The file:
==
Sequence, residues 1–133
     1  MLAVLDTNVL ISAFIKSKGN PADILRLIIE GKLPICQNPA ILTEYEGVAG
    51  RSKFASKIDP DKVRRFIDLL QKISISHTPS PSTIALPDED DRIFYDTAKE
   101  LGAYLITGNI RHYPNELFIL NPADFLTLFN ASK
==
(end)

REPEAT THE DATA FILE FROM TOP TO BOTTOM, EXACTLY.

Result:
Sequence, residues 1–133
     1  MLAVLDTNVL ISAFIKSKGN PADILRLIIE GKLPICQNPA ILTEYEGVAG
    51  RSKFASKIDP DKVRRFIDLL QKISISHTPS PSTIALPDED DRIFYDTAKE
   101  LGAYLITGNI RHYPNELFIL NPADFLTLFN ASK